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Function for looking up multiple variables

707 Views 21 Replies Latest reply: Aug 6, 2012 7:30 PM by Jerrold Green1 RSS
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gzcreezy Calculating status...
Currently Being Moderated
Aug 4, 2012 8:16 PM

I've been through the F&F user guide and the numbers help guide. I'm either not seeing it or something is just going over my head. I know what I'm doing when it comes to my mac and normally I'd say I'm very capable with the standard functions/operations. I've been teaching myself the more "advanced" functions and so far it's been going well. But now I've hit a road block....

 

I'm trying to create a form for work, to calculate pricing for jobs.

The first table here is my reference table. the second is part of the billing sheet, which you'd be inputting information for specific jobs etc. in order to determine the price

 

They are on different sheets but within the same document. But I understand using formulas on different sheets, so I think for simplicity sake we can talk about them as if they are on the same sheet. (unless someone feels that's a no no). In case this is relevant, I used custom cell formats for 's/wrap' in table 2 (( ## 's )) and the prices listed in table 1 (( $##.##/m )).

 

 

 

4-page

6-page

8-page

Broad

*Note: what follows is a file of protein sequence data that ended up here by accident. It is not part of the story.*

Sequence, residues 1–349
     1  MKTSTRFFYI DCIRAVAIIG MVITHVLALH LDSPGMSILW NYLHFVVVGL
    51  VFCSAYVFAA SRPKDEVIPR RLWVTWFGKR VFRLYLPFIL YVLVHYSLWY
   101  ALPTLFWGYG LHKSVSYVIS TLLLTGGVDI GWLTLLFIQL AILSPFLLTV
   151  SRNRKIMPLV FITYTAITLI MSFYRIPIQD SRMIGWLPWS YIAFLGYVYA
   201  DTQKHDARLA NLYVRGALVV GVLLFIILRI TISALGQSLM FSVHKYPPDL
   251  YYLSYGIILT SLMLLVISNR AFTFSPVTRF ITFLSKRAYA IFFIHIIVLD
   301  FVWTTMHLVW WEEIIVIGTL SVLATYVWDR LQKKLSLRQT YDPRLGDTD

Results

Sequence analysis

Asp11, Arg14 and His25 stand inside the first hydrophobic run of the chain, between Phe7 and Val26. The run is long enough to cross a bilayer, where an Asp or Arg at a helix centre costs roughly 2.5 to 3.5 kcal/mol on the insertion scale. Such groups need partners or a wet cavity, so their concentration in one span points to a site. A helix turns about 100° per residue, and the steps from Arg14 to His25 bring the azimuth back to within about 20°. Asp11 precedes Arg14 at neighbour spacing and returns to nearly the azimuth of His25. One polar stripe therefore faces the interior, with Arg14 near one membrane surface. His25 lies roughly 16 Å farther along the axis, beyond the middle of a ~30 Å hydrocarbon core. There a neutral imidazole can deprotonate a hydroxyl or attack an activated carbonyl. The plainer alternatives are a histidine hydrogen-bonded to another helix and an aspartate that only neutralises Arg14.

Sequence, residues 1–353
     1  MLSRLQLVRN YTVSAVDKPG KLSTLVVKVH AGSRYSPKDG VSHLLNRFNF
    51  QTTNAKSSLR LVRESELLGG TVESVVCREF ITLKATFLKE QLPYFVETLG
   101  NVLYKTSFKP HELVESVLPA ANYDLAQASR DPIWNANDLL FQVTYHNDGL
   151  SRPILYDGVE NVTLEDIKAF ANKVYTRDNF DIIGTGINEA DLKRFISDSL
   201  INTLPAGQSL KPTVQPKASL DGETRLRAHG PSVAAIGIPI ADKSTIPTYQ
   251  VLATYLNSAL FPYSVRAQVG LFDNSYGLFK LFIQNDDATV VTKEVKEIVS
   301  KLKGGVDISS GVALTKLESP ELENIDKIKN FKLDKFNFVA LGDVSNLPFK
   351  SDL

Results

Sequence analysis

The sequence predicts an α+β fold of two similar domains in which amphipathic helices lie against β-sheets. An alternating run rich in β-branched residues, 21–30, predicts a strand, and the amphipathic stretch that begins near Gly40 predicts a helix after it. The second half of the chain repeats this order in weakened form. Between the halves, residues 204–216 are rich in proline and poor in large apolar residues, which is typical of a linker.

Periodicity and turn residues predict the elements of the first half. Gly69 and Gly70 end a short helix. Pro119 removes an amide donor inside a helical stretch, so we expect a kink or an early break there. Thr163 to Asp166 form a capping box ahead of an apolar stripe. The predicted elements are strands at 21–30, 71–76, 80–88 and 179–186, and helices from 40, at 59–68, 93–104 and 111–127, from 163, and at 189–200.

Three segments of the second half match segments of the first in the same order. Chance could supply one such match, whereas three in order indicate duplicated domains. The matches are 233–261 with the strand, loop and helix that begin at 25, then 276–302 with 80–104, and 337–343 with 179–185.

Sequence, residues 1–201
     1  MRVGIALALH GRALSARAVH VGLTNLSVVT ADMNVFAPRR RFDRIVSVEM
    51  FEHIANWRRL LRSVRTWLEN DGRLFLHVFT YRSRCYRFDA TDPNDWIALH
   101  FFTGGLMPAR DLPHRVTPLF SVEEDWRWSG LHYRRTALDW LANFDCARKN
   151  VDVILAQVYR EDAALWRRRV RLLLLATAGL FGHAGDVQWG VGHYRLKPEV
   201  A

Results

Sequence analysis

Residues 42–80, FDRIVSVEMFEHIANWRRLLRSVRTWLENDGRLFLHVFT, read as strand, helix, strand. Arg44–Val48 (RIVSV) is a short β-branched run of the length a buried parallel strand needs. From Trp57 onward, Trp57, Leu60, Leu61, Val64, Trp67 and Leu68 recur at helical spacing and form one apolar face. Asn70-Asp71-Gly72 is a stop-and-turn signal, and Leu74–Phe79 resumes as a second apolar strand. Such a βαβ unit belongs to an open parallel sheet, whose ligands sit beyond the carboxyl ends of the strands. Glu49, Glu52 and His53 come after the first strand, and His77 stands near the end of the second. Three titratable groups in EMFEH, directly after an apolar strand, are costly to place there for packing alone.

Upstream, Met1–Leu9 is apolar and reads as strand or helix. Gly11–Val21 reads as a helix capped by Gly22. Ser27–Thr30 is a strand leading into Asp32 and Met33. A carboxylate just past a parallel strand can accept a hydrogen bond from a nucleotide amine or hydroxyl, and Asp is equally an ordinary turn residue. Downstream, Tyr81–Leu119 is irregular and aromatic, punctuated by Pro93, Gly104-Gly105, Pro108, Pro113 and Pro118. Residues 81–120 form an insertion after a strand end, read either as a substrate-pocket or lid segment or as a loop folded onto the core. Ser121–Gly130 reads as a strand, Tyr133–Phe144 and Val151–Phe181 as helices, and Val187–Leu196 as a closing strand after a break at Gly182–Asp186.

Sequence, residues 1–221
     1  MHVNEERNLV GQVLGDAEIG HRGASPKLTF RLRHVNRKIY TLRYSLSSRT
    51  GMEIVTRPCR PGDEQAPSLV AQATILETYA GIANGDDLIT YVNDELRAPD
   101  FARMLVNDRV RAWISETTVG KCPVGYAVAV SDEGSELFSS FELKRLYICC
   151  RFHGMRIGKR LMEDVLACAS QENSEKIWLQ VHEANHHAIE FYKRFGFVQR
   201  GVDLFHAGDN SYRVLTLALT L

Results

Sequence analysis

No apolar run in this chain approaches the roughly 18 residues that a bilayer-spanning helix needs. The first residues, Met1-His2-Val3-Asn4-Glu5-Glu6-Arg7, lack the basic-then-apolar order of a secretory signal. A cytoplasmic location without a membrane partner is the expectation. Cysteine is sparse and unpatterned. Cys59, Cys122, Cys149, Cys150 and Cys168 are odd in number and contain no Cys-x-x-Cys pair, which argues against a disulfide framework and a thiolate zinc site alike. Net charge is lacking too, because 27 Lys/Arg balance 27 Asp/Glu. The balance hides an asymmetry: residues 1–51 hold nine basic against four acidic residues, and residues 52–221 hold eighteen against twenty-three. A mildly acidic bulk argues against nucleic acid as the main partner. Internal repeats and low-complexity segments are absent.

Gate

10-Page

25's

$20.00/m

$22.50/m

$23.50/m

$26.50/m

$35.00/m

$25.50/m

50's

$15.00/m

$17.50/m

$18.50/m

$21.00/m

$30.00/m

$20.50/m

100's

$12.50/m

$15.00/m

$16.00/m

$18.50/m

$28.00/m

$18.00/m

None

$10.00/m

$12.50/m

$13.50/m

$17.00/m

$25.00/m

$16.50/m

 

 

 

Yes/No

TRUE

Perf / Score

FALSE

Fold Type

4-page

S/wrap

25's

$/m

 

Sub-Total

 

 

HERE'S MY PROBLEM:

 

I've been trying to figure out what function to use / how to express it so that the $/m box in the second chart will come up with the correct price as listed in the top table. I can't find anything about multi-dimensional searching except that it tells me "MATCH" can't be used multi-dimensional. I've used LOOKUP for some other basic functions but I don't really understand HLOOKUP nor VLOOKUP

 

In the explanation for LOOKUP it mentions something about "search-where" being two-dimensional, when I try to make it two dimensional it tells me vector arguments can't be, however the formula and function guide book doesn't mention the word vector once (at least that's what the search told me).